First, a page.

Scroll Down to see the News update
Mental Health Topic Email
Families and Friends
As a family member or friend of a Veteran with mental health challenges, you can be an important source of support. Letting a Veteran know you’re there can help start a conversation about seeking treatment. Explore VA’s robust resources created specifically for Veterans’ families and friends.
VA Creates Older Veterans’ Social Connections Program
The unexpected period of isolation during the past year and a half has made it difficult to maintain existing social connections, much less create new ones. Physical distancing has meant a solitary existence for many, especially older adults, who were at an increased risk of loneliness before distancing began. To decrease social isolation and the associated risk factors, VA created a program to help older Veterans practice behaviors that can enhance their physical, mental, and social well-being.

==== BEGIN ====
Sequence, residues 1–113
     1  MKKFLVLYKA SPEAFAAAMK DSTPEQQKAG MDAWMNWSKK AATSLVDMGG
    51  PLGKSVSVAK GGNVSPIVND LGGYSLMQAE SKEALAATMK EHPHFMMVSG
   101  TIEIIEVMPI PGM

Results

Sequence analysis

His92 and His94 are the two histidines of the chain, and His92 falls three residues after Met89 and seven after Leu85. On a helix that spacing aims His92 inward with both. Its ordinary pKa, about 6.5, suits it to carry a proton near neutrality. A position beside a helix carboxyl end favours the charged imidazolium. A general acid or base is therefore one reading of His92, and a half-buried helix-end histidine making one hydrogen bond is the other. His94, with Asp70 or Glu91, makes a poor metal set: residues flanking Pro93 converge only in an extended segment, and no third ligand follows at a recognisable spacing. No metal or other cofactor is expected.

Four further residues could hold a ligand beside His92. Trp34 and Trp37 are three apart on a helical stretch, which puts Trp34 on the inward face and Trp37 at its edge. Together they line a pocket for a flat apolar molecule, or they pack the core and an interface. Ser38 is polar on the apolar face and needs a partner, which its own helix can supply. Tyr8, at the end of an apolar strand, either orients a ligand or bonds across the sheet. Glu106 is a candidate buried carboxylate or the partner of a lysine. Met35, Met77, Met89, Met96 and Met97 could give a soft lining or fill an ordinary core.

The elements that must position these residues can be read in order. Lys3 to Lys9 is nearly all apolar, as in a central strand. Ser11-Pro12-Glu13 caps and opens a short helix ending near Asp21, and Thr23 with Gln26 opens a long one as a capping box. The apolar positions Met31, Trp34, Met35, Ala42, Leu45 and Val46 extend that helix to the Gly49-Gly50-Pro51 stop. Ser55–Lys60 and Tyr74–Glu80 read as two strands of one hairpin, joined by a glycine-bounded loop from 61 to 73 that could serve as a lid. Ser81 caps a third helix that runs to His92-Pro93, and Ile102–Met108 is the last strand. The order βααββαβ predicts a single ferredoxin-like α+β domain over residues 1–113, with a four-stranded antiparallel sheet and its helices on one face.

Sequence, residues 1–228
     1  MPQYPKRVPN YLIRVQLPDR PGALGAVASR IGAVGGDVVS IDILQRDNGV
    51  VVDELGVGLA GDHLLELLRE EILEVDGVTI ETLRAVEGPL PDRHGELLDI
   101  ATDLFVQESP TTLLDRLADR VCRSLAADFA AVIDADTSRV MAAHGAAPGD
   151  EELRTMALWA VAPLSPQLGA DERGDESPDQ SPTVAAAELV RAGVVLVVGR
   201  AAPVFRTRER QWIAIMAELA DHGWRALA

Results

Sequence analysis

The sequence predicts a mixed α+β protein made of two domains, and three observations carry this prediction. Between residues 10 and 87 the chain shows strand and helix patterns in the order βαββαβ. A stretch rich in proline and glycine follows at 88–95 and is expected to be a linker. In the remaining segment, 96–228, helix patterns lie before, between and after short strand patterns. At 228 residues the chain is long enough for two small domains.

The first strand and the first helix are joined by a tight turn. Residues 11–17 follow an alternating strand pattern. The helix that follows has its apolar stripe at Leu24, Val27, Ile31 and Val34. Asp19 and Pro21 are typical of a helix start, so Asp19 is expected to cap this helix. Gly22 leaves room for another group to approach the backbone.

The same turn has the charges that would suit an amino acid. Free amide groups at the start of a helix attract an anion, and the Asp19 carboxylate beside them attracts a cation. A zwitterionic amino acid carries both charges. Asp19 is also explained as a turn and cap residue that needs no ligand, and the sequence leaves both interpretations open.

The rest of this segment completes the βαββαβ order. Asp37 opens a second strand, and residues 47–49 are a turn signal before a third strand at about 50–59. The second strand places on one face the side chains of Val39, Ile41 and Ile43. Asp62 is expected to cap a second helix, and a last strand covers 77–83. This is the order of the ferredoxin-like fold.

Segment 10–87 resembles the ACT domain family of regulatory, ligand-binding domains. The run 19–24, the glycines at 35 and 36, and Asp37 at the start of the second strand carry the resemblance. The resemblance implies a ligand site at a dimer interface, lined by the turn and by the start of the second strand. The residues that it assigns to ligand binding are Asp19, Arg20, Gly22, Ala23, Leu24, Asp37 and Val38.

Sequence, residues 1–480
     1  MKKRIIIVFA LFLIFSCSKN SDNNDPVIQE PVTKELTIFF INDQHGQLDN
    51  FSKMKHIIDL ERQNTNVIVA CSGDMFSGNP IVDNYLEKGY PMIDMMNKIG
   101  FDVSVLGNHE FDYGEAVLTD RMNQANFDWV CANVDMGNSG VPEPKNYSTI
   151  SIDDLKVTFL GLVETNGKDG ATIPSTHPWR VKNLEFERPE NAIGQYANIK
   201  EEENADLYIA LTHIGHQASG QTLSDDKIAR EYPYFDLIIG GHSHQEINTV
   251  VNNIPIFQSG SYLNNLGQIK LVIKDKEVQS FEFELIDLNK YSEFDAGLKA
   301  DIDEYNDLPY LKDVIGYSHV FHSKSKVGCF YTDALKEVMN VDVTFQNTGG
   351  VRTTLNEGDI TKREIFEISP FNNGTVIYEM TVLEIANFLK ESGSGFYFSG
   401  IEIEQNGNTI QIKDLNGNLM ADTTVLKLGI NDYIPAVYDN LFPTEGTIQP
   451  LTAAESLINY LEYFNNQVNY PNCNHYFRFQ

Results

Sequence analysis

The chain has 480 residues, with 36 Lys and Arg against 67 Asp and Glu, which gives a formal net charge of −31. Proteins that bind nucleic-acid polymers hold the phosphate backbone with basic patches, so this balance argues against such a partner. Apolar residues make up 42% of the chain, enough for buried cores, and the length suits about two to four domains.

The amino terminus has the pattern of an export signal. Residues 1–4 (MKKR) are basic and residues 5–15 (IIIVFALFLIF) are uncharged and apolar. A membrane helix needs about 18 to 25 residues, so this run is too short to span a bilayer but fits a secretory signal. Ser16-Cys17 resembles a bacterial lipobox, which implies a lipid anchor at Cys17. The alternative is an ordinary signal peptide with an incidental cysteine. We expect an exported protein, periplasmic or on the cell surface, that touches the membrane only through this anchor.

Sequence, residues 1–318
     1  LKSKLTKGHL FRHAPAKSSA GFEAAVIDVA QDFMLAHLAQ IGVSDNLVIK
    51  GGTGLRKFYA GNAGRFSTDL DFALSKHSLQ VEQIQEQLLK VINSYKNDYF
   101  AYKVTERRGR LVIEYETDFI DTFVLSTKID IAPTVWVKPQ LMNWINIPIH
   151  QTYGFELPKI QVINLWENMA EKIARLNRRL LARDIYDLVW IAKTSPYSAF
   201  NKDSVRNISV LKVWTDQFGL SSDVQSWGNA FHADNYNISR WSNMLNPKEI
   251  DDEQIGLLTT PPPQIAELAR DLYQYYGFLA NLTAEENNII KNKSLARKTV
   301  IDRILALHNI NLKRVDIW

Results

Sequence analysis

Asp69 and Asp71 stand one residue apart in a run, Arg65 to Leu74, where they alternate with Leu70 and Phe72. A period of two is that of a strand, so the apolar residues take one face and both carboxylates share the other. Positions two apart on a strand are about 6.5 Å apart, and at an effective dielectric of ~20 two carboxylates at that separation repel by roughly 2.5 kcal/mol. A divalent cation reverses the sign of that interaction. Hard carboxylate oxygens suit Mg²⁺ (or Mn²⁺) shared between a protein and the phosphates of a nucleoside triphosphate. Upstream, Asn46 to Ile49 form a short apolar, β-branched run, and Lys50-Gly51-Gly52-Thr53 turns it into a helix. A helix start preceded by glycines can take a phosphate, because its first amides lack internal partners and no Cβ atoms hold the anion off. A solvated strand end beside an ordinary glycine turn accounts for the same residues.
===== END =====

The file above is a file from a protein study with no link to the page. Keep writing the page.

Veterans may experience difficult life events or challenges after leaving the military. We’re here to help no matter how big or small the problem may be. VA has resources to address the unique stresses and experiences that you face — and we’re just a click, call, text, or chat away.
Teacher Helps a Veteran Heal
When Joseph was 10 years old, his schoolteacher gave him a lifelong gift: a love of science. Years later, that love inspired Joseph to study robotics when he entered the U.S. Navy. After he transitioned out of the military, the same teacher gave him a new gift: healing.
Are you having trouble thinking clearly or speaking coherently? Do you sometimes suspect you’re hallucinating sights or sounds? These symptoms can be scary, especially at first, but they’re worth looking into, as they may be signs of a mental illness called schizophrenia.
It is natural to worry and feel anxious about various things, like that work presentation, your growing to-do list, or a relationship. Anxiety can help you address the stressors in your life, and for many people, the feeling motivates them and doesn’t last long. But when persistent worries start affecting your activities relationships, sleep, or workday, it may be time to do something about it.